Athenian Legacies: Essays on the Politics of Going on Together

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Princeton University Press, 2005 - History - 273 pages
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How do communities survive catastrophe? Using classical Athens as its case study, this book argues that if a democratic community is to survive over time, its people must choose to go on together. That choice often entails hardship and hard bargains. In good times, going on together presents few difficulties. But in the face of loss, disruption, and civil war, it requires tragic sacrifices and agonizing compromises.



Athenian Legacies demonstrates with flair and verve how the people of one influential political community rebuilt their democratic government, rewove their social fabric, and, through thick and thin, went on together. The book's essays address amnesty, civic education, and institutional innovation in early Athens, a city that built and lost an empire while experiencing plague, war, economic trauma, and civil conflict.


As Ober vividly demonstrates, Athenians became adept at collective survival. They conjoined a cultural commitment to government by the people with new institutions that captured the social and technical knowledge of a diverse population to recover from revolution, foreign occupation, and the ravages of war. Ober provides insight into notorious instances of Athenian injustice, explaining why slaves, women, and foreign residents willingly risked their lives to support a regime in which they were systematically mistreated. He answers the question of why Socrates never left a city he said was badly governed.


At a time when social scientists debate the cultural grounding necessary to foster democracy, Athenian Legacies advances new arguments about the role of diversity and the relevance of shared understanding of the past in creating democracies that flourish when the going gets rough.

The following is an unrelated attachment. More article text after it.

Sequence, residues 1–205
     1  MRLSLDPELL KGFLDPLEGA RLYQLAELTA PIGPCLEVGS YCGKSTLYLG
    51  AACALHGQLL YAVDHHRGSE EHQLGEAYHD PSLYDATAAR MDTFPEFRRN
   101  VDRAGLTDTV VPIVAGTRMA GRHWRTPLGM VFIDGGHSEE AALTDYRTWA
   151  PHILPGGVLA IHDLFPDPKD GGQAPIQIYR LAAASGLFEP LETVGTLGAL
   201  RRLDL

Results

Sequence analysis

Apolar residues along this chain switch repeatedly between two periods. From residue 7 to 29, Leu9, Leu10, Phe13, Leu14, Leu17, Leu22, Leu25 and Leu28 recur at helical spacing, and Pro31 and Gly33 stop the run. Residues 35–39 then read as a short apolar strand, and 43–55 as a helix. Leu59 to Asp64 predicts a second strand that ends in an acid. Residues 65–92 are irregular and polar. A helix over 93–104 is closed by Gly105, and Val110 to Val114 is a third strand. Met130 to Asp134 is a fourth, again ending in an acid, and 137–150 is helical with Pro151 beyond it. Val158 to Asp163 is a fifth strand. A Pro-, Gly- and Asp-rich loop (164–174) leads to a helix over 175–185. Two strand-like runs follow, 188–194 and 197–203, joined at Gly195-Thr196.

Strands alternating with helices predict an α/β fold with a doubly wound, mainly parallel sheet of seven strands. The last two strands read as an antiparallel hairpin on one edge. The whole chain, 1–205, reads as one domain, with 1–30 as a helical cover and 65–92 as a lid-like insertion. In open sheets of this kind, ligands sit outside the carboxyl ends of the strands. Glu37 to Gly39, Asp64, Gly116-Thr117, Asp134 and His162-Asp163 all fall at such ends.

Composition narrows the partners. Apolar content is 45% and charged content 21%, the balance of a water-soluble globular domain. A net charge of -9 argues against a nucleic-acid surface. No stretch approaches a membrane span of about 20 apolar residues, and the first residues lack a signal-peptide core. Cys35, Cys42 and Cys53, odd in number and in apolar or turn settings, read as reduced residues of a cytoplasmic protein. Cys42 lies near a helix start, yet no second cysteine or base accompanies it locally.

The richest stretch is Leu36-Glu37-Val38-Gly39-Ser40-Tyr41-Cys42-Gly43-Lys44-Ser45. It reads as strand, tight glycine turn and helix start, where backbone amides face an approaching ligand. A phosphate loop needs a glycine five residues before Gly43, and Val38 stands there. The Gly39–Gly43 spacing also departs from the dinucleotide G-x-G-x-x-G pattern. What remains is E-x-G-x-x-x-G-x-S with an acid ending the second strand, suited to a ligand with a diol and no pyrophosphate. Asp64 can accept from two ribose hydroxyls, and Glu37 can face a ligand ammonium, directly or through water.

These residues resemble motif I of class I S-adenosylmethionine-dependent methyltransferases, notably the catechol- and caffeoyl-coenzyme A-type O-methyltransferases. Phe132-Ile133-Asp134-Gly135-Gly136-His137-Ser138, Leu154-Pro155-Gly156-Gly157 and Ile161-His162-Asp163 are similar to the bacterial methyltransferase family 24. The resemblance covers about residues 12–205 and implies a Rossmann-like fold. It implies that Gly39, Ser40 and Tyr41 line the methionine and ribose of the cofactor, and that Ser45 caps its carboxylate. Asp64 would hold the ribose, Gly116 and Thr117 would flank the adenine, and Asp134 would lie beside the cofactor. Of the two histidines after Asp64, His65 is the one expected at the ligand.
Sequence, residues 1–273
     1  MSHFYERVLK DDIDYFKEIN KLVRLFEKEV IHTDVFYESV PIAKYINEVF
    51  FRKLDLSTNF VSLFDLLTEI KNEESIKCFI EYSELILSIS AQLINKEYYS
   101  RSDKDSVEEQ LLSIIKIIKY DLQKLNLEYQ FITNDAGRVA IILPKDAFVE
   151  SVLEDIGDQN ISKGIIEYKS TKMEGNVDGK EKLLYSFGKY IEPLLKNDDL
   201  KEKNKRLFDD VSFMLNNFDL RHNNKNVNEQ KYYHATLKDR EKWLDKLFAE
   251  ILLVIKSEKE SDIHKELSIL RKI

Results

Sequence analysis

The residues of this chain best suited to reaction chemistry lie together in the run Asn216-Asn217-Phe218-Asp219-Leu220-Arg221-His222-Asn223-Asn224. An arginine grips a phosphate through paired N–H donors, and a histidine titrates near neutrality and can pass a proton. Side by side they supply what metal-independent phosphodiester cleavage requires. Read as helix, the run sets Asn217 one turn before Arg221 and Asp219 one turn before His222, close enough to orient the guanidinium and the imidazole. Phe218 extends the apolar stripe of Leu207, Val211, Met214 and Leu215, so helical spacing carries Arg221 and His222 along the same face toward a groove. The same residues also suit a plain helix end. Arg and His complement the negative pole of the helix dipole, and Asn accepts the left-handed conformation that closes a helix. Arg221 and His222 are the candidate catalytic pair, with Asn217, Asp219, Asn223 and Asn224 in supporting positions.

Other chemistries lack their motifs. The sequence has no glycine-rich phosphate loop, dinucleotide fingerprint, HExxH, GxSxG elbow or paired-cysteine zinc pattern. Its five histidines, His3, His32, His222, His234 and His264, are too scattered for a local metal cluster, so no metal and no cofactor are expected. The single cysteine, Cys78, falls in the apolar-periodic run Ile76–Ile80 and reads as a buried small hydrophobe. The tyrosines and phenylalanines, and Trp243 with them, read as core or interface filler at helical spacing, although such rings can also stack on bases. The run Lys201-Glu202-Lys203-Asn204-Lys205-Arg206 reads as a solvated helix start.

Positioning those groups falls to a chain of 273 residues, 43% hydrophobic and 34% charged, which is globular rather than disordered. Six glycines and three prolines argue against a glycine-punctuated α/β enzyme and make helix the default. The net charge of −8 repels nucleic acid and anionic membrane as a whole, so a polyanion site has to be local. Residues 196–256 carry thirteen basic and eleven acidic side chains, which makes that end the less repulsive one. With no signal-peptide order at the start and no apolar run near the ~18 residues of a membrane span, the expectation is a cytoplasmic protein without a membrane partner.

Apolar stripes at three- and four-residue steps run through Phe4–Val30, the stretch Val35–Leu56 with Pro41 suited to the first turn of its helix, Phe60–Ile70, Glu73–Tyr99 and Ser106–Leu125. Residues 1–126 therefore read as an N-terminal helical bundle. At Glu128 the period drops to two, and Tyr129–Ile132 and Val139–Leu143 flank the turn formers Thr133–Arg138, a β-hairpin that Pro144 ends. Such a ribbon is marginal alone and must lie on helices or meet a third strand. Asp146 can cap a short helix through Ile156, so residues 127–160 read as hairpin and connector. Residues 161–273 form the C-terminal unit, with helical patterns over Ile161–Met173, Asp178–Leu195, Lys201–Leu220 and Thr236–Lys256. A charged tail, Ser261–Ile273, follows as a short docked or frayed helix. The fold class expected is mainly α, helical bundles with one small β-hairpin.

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Contents

Introduction Climbing the Hill of Ares
1
Classical Athenian Democracy and Democracy Today
27
Historical Legacies Moral Authority and the Useable Past
43
Culture Thin Coherence and the Persistence of Politics
69
Quasi Rights Participatory Citizenship and Negative Liberties
92
The Athenian Debate over Civic Education
128
Living Freely as a Slave of the Law Why Socrates Lives in Athens
157
Social Science History Cultural History and the Amnesty of 403 BC
171
Greek Horoi Artifactual Texts and the Contingency of Meaning
183
TyrantKilling as Therapeutic Conflict A Political Debate in Images and Texts
212
Bibliography
249
Index
267
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About the author (2005)

Josiah Ober is Constantine Mitsotakis Professor in the School of Humanities and Sciences at Stanford University, where he holds joint appointments in the departments of political science and classics. He is the author of several books on classical Athenian political and intellectual history, most recently Political Dissent in Democratic Athens. He is now working on a project about the relationship between democratic political culture and the social circulation of knowledge.

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